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  19.  13
    Postracial Fantasies and the Reproduction of Scientific Racism.Daniel R. Morrison & Patrick Ryan Grzanka - 2017 - American Journal of Bioethics 17 (9):65-67.
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  20.  14
    Mindfulness Increases Prosocial Responses Toward Ostracized Strangers Through Empathic Concern.Daniel R. Berry, Athena H. Cairo, Robert J. Goodman, Jordan T. Quaglia, Jeffrey D. Green & Kirk Warren Brown - 2018 - Journal of Experimental Psychology: General 147 (1):93-112.
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  21.  64
    Entropy and Information in Evolving Biological Systems.Daniel R. Brooks, John Collier, Brian A. Maurer, Jonathan D. H. Smith & E. O. Wiley - 1989 - Biology and Philosophy 4 (4):407-432.
    Integrating concepts of maintenance and of origins is essential to explaining biological diversity. The unified theory of evolution attempts to find a common theme linking production rules inherent in biological systems, explaining the origin of biological order as a manifestation of the flow of energy and the flow of information on various spatial and temporal scales, with the recognition that natural selection is an evolutionarily relevant process. Biological systems persist in space and time by transfor ming energy from one state (...)
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  22.  30
    The Ecological Self: Humanity and Nature in Nietzsche and Goethe.Daniel R. White & Gert Hellerich - 1998 - The European Legacy 3 (3):39-61.
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  23.  27
    „Just Health: Meeting Health Needs Fairly“*: Autorendiskussion MIT Norman Daniels, 02./03. Oktober 2007 Am Ethik-Zentrum der Universität Zürich. [REVIEW]Daniel R. Friedrich - 2008 - Ethik in der Medizin 20 (1):64-68.
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  24.  30
    Corporate Strategy and Ethics.Daniel R. Gilbert - 1986 - Journal of Business Ethics 5 (2):137 - 150.
    Corporate Strategy has emerged as a central metaphor for private-sector enterprise. Given inherent imperfections in markets, one important question to consider is how well the practice of Corporate Strategy contributes to social welfare. An account of the implicit morality of free markets is developed as a standard against which two particular, second best solutions to market imperfections — namely, American federal antitrust policy and Corporate Strategy — are compared. Corporate Strategy is subsequently evaluated in terms of the fundamental principles of (...)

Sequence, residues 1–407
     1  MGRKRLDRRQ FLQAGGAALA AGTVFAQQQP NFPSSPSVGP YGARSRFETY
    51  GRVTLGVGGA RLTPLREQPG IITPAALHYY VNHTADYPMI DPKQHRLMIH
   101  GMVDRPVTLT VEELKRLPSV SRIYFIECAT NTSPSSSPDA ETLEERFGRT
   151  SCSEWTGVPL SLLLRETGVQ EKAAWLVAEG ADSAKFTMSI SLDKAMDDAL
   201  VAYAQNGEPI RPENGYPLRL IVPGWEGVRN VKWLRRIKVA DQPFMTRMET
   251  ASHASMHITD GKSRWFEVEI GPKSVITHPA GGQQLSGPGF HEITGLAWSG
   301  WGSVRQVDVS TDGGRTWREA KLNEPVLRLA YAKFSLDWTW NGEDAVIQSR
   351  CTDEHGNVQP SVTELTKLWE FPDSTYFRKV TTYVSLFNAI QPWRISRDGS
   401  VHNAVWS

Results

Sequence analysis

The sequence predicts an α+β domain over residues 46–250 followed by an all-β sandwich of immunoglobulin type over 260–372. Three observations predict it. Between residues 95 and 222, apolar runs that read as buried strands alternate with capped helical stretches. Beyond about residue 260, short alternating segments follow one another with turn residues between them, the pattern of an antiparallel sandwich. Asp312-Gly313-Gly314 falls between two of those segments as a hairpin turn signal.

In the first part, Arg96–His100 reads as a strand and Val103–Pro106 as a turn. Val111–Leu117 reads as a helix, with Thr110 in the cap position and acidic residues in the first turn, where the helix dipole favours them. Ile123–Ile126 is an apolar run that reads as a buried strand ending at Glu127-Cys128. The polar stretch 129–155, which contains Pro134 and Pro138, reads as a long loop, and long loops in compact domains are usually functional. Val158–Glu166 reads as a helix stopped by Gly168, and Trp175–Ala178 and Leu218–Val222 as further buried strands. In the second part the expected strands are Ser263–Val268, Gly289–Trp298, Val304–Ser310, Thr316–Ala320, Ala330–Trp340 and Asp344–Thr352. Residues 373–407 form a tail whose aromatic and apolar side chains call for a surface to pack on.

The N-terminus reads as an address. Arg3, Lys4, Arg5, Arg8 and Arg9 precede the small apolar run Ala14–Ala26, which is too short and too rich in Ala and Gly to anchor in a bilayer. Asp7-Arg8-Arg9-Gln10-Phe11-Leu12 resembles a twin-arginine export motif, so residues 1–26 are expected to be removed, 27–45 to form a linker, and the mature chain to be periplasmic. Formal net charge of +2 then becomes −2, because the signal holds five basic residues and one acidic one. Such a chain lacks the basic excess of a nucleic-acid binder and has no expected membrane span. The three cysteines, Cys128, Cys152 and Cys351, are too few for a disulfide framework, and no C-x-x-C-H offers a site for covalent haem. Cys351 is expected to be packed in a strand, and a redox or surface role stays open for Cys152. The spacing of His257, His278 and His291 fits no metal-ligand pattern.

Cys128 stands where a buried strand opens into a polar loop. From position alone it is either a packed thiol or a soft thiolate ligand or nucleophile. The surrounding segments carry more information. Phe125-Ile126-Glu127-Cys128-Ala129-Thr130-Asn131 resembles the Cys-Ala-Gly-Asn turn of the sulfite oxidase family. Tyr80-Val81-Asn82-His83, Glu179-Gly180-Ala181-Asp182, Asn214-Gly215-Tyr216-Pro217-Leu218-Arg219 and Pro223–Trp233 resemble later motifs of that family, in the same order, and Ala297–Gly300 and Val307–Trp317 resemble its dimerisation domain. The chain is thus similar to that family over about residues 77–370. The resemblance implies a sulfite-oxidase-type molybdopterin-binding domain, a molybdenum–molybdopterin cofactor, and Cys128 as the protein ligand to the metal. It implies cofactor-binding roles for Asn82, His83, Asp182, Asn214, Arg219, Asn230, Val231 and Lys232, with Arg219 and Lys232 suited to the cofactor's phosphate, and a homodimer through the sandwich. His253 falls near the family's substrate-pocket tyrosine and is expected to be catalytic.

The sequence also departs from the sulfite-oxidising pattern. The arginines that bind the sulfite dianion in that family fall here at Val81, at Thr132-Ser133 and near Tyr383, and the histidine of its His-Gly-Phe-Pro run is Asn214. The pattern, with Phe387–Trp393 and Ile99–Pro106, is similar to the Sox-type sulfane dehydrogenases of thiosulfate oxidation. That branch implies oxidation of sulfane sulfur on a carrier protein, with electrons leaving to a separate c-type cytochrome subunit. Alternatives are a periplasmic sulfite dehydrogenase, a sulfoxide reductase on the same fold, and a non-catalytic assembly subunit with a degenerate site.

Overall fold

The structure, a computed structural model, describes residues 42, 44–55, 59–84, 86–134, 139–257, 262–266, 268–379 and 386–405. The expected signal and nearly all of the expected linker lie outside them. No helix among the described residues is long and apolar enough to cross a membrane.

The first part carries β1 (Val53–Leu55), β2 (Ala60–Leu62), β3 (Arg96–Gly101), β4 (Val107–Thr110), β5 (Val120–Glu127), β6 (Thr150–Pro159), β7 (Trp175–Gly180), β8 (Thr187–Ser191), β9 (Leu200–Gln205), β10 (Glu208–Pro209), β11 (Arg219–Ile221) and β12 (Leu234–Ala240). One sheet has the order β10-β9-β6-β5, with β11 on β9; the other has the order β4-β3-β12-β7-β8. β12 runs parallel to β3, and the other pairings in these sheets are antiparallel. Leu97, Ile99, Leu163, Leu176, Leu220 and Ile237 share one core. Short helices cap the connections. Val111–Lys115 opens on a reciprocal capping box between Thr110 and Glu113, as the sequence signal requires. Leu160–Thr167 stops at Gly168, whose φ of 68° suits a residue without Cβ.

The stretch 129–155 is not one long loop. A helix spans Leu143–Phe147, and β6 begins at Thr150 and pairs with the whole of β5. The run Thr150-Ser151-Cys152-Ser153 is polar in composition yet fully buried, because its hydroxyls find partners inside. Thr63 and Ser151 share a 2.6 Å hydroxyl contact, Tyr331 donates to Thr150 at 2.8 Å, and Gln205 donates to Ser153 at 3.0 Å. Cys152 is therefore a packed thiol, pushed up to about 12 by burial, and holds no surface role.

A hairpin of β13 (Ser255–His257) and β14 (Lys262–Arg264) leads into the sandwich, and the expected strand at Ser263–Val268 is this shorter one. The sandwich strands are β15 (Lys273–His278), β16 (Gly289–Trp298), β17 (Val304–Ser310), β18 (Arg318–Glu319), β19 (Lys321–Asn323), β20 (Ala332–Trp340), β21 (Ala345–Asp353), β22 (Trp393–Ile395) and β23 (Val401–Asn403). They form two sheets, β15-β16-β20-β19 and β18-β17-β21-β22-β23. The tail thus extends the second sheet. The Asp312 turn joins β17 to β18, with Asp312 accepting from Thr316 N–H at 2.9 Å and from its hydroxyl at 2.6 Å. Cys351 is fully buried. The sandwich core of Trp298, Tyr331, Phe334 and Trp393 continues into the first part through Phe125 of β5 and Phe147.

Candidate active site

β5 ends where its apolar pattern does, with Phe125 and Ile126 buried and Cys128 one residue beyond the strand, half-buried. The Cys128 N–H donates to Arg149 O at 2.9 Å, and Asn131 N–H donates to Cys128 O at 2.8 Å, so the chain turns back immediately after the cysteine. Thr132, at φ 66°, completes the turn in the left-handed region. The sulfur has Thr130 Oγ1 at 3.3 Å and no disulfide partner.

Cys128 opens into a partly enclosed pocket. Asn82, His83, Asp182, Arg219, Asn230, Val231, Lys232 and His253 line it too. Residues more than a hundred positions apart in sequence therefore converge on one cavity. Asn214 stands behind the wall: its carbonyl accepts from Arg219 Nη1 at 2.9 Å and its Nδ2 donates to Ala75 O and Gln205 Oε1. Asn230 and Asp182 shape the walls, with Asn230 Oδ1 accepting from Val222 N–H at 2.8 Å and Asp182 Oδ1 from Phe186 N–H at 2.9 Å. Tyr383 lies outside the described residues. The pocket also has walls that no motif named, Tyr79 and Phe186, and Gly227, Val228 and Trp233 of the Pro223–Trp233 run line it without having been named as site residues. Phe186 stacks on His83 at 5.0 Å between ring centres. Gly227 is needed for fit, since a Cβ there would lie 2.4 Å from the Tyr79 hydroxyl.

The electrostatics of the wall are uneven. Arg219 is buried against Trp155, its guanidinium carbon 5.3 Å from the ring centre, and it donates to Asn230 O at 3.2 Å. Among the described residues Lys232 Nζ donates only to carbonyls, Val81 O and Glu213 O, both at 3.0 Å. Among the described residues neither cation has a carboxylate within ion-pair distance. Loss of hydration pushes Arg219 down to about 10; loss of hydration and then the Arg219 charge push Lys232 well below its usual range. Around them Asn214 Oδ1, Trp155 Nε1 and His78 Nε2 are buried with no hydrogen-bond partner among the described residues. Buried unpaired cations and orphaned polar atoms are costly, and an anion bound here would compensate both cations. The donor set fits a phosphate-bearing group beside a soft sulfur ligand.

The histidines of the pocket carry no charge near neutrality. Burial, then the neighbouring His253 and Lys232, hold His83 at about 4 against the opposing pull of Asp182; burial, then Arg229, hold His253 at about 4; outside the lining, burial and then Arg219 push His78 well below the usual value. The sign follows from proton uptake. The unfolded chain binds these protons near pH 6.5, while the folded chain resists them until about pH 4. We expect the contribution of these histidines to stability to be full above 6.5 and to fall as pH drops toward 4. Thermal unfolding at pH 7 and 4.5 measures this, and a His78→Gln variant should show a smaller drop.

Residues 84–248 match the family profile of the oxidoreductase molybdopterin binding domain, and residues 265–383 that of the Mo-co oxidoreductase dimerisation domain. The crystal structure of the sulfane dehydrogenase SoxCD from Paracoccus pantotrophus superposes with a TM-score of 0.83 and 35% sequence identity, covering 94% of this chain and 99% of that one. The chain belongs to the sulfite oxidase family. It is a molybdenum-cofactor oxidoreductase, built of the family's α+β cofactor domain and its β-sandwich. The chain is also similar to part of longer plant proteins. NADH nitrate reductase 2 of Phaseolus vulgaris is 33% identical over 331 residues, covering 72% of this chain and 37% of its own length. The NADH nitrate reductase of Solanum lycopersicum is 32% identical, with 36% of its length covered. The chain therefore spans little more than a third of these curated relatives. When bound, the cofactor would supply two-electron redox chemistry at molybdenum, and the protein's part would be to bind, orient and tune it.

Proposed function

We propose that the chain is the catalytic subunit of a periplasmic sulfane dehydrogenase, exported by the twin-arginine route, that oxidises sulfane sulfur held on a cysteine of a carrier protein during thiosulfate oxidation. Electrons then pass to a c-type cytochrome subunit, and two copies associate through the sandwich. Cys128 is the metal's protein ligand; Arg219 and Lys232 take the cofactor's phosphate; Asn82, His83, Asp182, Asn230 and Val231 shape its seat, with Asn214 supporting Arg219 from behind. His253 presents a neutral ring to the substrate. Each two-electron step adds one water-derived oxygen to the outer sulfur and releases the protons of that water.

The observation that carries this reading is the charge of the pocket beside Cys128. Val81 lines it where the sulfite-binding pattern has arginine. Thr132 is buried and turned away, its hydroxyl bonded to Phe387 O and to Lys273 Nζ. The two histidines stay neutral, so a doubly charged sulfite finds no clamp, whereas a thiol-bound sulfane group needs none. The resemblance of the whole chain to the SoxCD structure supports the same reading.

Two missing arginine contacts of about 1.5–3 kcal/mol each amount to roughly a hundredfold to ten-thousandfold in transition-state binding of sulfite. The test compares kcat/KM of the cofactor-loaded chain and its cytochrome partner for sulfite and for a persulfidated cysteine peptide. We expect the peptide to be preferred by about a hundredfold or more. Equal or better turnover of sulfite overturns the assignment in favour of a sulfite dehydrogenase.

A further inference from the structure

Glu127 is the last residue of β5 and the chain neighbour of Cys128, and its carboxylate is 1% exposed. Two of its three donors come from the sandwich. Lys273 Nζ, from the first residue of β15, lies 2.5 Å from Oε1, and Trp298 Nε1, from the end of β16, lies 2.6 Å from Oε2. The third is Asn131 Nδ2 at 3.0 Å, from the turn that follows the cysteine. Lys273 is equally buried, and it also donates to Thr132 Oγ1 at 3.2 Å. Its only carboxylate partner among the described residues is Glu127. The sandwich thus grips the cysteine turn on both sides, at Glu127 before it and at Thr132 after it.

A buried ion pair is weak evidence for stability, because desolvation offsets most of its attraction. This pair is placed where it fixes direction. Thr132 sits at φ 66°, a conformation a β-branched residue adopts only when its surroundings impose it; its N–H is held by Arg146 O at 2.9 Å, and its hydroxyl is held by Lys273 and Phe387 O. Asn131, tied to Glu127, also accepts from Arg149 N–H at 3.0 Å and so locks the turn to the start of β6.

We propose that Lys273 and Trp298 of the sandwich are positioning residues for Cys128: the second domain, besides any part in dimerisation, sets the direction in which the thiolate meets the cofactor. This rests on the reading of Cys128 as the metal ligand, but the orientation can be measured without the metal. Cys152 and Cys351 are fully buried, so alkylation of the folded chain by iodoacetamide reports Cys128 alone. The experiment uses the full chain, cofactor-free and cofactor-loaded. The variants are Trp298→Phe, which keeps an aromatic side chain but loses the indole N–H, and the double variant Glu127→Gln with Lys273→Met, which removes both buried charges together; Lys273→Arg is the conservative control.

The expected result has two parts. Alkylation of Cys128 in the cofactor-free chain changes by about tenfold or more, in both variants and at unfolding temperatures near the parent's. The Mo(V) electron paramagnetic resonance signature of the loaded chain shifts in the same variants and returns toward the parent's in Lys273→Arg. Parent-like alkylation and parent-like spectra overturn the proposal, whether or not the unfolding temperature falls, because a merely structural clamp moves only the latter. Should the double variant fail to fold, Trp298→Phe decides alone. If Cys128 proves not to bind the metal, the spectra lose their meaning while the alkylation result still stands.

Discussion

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  25.  18
    The Impact of Expert Visual Guidance on Trainee Visual Search Strategy, Visual Attention and Motor Skills.Daniel R. Leff, David R. C. James, Felipe Orihuela-Espina, Ka-Wai Kwok, Loi Wah Sun, George Mylonas, Thanos Athanasiou, Ara W. Darzi & Guang-Zhong Yang - 2015 - Frontiers in Human Neuroscience 9.
  26.  11
    Sociobiological Theory and Contemporary Humans.Daniel R. Vining - 1985 - Behavioral and Brain Sciences 8 (4):680-681.
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  27. Corporate Strategy and the Search for Ethics.R. Edward Freeman & Daniel R. Gilbert - 1992 - Journal of Business Ethics 11 (7):514-554.
  28.  10
    Exploring Layers of Meaning with Deep Brain Stimulation Patients.Daniel R. Morrison & Mark J. Bliton - 2011 - American Journal of Bioethics Neuroscience 2 (1):26-28.
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  29.  12
    The Construction of Ignorance.Daniel R. DeNicola - 2017 - The Philosophers' Magazine 79:19-21.
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  30.  40
    Engagement for Transformation: Value Webs for Local Food System Development. [REVIEW]Daniel R. Block, Michael Thompson, Jill Euken, Toni Liquori, Frank Fear & Sherill Baldwin - 2008 - Agriculture and Human Values 25 (3):379-388.
    Engagement happens when academics and non-academics form partnerships to create mutual understanding, and then take action together. An example is the “value web” work associated with W. K. Kellogg Foundation’s Food Systems Higher Education–Community Partnership. Partners nationally work on local food systems development by building value webs. “Value chains,” a concept with considerable currency in the private sector, involves creating non-hierarchical relationships among otherwise disparate actors and entities to achieve collective common goals. The value web concept is extended herein by (...)
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  31. Expressive-Assertivism.By Daniel R. Boisvert - 2008 - Pacific Philosophical Quarterly 89 (2):169–203.